(Adds quotes, background)
TOKYO, July 31 Japan's new top financial
regulator is keeping the pressure on regional banks to
consolidate, urging them to consider tie-ups and mergers to
improve their profits and capital positions, said people
involved in the process.
Kiyoshi Hosomizo, appointed commission of the Financial
Services Agency early this month, told an off-the-record meeting
of regional bank officials that action was needed, according to
people who attended the meeting.
"To strengthen profitability and make capital policies, one
of the various choices for swift action would naturally be
tie-ups or mergers," Hosomizo was quoted as saying.
"I would like you to show leadership and proactively come to
grips with these various issues. This means taking action where
An FSA representative said the agency was not immediately
able to comment.
Hosomizo's predecessor at the FSA, Ryutaro Hatanaka, stunned
the nation's smaller lenders earlier this year by telling them
to consider mergers as options for survival. The regulators fear
that at 105, there are too many regional banks in the nation's
shrinking local economies.
The regional banks together have roughly half of Japan's $4
trillion outstanding bank loans, while holding about as much in
deposits as the seven biggest banks. The average interest rate
that listed regional banks charge has fallen to 1.6 percent as
of March from 2.2 percent five years earlier.
Outside of Tokyo, Osaka and a few major cities, the outlook
for the working-age population - and thus the prospect for loan
demand - is grim. To avoid a potential bankruptcies or collapses
due to low deposits or poor loan coverage, Tokyo is encouraging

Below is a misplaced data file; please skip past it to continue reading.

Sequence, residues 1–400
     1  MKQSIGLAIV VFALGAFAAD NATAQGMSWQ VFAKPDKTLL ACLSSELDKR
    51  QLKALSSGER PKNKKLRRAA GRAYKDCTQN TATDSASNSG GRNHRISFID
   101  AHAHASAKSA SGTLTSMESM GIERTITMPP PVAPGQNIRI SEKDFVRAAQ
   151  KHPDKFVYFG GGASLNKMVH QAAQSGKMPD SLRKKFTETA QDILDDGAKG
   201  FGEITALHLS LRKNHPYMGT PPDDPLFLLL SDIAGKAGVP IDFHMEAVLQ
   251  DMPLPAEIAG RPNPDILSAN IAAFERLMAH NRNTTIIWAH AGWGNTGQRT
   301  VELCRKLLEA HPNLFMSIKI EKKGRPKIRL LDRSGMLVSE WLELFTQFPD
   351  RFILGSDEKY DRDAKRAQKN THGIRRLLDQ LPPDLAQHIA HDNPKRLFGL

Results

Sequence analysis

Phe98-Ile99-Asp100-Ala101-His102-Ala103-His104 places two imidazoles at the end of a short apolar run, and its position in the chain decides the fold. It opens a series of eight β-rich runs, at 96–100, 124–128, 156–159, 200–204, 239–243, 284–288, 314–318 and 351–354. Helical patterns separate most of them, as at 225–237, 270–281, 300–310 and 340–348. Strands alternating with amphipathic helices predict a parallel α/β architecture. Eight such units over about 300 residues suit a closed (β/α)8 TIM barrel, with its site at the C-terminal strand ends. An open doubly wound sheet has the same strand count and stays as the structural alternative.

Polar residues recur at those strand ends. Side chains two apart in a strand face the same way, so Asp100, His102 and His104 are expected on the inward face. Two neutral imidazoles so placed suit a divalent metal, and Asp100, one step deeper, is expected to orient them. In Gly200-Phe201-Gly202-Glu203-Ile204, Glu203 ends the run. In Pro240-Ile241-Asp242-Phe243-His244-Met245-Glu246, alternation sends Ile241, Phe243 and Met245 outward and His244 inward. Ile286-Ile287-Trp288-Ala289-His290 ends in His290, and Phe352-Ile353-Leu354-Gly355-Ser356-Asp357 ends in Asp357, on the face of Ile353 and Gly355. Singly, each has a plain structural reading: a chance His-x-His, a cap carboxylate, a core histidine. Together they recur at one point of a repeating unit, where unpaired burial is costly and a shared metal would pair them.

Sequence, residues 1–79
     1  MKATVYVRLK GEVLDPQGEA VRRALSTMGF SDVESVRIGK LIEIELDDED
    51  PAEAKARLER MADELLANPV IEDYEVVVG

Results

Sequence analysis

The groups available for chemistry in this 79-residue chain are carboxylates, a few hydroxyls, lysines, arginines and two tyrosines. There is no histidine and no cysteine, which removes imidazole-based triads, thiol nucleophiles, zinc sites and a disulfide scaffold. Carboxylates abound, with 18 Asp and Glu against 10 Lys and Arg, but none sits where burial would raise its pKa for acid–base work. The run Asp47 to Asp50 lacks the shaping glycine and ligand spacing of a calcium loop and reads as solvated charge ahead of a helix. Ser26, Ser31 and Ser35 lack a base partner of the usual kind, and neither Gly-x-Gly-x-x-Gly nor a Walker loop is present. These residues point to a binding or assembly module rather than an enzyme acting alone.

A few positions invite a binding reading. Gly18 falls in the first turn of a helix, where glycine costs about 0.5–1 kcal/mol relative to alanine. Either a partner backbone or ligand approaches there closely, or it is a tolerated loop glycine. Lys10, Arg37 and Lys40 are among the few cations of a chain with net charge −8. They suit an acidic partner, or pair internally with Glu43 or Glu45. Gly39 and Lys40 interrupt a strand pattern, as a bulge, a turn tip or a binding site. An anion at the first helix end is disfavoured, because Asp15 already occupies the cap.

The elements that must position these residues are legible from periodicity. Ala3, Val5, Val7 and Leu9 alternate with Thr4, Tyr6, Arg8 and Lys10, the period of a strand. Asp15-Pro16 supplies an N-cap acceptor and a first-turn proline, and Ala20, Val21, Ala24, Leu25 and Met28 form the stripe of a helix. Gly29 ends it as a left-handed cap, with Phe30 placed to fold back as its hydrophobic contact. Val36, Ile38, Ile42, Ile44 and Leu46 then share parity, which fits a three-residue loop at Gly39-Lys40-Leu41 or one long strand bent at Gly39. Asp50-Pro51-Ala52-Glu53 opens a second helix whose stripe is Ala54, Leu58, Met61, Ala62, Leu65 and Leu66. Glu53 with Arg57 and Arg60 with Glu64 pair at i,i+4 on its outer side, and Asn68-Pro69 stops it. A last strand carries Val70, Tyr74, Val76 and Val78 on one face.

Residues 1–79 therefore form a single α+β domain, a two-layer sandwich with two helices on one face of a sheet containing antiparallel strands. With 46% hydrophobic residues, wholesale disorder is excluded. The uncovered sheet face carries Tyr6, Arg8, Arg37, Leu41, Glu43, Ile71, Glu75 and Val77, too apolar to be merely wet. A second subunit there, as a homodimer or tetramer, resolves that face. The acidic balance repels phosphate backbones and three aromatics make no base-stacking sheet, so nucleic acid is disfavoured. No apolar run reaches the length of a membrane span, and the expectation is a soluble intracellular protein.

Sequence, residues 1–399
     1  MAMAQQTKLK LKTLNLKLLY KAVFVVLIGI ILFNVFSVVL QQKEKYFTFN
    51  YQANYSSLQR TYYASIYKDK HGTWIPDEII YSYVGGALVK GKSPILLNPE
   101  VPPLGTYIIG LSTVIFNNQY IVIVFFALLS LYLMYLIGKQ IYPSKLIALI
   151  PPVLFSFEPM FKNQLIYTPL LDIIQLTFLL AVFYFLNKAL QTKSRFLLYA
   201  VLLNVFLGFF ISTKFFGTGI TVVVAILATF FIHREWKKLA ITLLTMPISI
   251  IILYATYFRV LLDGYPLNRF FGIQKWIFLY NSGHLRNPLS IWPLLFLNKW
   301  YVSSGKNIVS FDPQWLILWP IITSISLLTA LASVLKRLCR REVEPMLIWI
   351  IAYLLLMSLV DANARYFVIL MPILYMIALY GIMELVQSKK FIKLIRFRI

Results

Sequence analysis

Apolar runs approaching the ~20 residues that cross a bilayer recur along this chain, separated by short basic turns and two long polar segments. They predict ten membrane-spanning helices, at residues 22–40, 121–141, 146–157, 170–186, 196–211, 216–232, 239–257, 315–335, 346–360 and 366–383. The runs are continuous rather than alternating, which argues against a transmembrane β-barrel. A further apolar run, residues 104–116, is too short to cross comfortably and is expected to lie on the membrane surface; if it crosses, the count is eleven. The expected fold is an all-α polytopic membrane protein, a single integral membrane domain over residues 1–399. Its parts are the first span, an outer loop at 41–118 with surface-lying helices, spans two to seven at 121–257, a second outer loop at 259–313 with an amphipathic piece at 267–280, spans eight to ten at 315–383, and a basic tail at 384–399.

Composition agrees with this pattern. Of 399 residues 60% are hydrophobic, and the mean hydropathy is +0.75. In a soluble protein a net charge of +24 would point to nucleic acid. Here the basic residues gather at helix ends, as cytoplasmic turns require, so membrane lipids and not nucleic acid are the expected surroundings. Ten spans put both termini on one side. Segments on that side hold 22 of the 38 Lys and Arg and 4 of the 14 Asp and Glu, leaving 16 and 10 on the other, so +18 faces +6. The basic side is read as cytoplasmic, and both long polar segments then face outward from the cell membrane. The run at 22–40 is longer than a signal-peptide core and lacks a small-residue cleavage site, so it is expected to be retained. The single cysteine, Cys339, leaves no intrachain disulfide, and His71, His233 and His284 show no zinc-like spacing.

the ultra-conservative small banks to embrace change.
In a report on banks and insurers published this month, the
FSA pointed out there is a high correlation between outstanding
loans to local corporate clients and a region's working-age
population and said it estimates outstanding loans will decrease
in all regions by March 2025, based on demographic projections.
"There is a possibility that business model based on loan
increase (seen in many regional banks' business strategies) will
not be sustainable in medium and long term," the report said,
taken by regional bank insiders as another push by the
Hosomizo's tone is considered more moderate than that of
Hatanaka, who was seen by regional bank insiders as unusually
blunt. But the new regulator's remarks indicate he is equally
adamant that regional banks must adapt to survive.
"I don't think there is a difference in their stances toward
regional bank consolidation," said a senior executive at one of
Japan's three megabanks. "That's because the situation has not
changed. Regional banks have to do something, or they cannot
(Reporting by Sumio Ito and Taiga Uranaka; Additional reporting
by Takahiko Wada; Editing by William Mallard, Chris Gallagher
and Michael Perry)